(Montreal) Many continued Monday to pay tribute to entrepreneur Daniel Langlois who was found dead with his partner in Dominica on Friday. The couple owned an eco-friendly hotel on the Caribbean island located between Guadeloupe and Martinique.

The news, which was reported by the Dominican media Dominica News Oline, was confirmed by the Daniel Langlois Foundation.

“Daniel Langlois and his partner Dominique Marchand died in tragic circumstances on December 1, 2023 on the island of Dominica, near their Coulibri Ridge hotel complex,” we can read at the end of the man’s biography. updated Monday on the foundation’s website.

Multiple media outlets reported that two bodies, believed to be those of the couple, were found in a burned-out car after they were reported missing.

Mr. Langlois, born in Jonquière, Saguenay–Lac-Saint-Jean, in 1957, left his mark on the cultural industry. He founded the 3D animation and modeling software Softimage. The entrepreneur was the president and CEO of the company, from 1986 to 1998, which notably contributed to the creation of special effects in the films Jurassic Park and The Lord of the Rings.

Softimage was merged with Microsoft, then sold to Avid, before becoming part of Autodesk in 2008.

Mr. Langlois also founded the Excentris cinema complex in 1999, which was located in Montreal. In 2002, he inaugurated the private club 357C, which was located in a heritage building in Old Montreal.

The entrepreneur has also been president of DigiScreen, Media Principia and Digimart, as well as chairman of the board of Pixman Corporation.

On social networks, the cinema community paid tribute to this “great innovator”, as highlighted by the National Film Board (NFB) of Canada on the X platform on Monday.

Mr. Langlois worked at the NFB in the early 1980s, which he considered his second school. “His contributions to the film industry are invaluable,” the federal agency said.

“Mr. Langlois’ innovative spirit revolutionized the special effects industry and cinema. His legacy will forever mark the world of art and technology,” said Telefilm Canada, also on the X network.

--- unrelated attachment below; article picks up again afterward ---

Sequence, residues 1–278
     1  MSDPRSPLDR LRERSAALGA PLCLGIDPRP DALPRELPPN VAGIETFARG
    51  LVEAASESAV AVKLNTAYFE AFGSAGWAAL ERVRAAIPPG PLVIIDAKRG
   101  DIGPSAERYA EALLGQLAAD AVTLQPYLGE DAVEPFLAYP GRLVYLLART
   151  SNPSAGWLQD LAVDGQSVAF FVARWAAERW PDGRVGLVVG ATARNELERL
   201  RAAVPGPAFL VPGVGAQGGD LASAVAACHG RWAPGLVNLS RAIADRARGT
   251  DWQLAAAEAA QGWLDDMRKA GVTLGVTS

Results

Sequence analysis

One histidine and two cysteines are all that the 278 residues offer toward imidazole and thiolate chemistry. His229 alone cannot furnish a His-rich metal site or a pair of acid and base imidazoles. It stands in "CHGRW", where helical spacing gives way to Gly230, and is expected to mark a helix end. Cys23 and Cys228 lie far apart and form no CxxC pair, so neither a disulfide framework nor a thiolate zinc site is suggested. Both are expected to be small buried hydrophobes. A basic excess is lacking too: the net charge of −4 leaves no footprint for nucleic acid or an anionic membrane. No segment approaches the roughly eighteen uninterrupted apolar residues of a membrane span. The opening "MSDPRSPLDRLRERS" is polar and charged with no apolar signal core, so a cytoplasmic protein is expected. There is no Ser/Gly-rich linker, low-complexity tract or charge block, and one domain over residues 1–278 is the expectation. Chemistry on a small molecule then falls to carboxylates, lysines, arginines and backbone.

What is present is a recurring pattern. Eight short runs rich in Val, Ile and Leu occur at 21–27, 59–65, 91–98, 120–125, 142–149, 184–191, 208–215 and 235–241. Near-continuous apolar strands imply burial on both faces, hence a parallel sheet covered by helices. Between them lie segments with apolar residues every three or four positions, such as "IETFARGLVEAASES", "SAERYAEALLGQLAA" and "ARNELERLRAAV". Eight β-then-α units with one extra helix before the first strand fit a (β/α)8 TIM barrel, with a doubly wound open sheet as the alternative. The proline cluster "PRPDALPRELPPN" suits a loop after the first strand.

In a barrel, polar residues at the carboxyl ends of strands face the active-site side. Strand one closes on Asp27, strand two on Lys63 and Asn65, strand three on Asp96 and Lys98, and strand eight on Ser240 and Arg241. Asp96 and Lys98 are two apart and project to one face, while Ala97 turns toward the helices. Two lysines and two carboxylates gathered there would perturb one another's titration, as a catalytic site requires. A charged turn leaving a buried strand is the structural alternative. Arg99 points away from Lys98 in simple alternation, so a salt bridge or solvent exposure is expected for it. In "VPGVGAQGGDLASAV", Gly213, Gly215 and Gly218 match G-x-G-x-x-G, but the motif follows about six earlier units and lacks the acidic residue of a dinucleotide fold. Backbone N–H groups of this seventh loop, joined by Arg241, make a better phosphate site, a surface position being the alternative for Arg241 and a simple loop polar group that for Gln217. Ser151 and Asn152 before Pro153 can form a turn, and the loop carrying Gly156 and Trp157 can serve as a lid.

The man who holds a bachelor’s degree in design from the University of Quebec in Montreal (UQAM) was involved in the creation of the first stereoscopic computer animation (in which we perceive relief) in IMAX format, which was displayed at Expo 86 in Vancouver.

He also participated in the production of the animated short film Tony de Peltrie, broadcast in 1985, which was well received by critics.

The Cinémathèque québécoise was also saddened to lose one of its major patrons, who “had bequeathed it the rich collection of its foundation for art, science and technology – our most important acquisition of 2011”.

“Thanks to his immense generosity, our collections have been enhanced with more than 2,500 16mm films, master tapes and video copies of all formats; 6,800 books, monographs, essays and catalogs; some devices,artifacts; without forgetting important funds such as those of Steina and Woody Vasulka and the collection of Sonia Landy Sheridan,” listed the Cinémathèque on Facebook.

“We are losing an ally. The world loses a visionary,” the organization added.

Mr. Langlois’ contribution to the Festival du nouveau cinéma (FNC) was also highlighted by its general director, Nicolas Girard Deltruc.

“Without his contribution, our organization would not be what it has become today. His commitment, always disinterested financially, has played a major and first-rate role in the development of our cultural sector,” said Mr. Girard Deltruc on Facebook on Sunday.

He described the entrepreneur as “a man of integrity, generous, visionary and of great discretion”.

“The legacy he leaves us reflects his innovative spirit,” declared the Minister of Canadian Heritage, Pascale St-Onge, on X Sunday.

The man behind the Daniel Langlois Foundation, created in 1997, opened the self-sufficient luxury hotel Coulibri Ridge, in Dominica, last year, on which he had been working for several years with his partner, Dominique Marchand.

Mr. Langlois has received numerous awards and distinctions throughout his career. He was named a Knight of the National Order of Quebec in 1999, and an Officer of the Order of Canada in 2000.

The businessman was also named Arts-Business Personality by the City of Montreal in 2002, and honored as a Great Montrealer by the Chamber of Commerce of Metropolitan Montreal in 2004. A sign of his important place in the public space, he was named Personality of the Year at the 1995 Excellence La Presse gala.

He received honorary doctorates from the University of Sherbrooke, McGill University, the John Molson School of Management of Concordia University, the Faculty of Arts of UQAM and the University of Ottawa.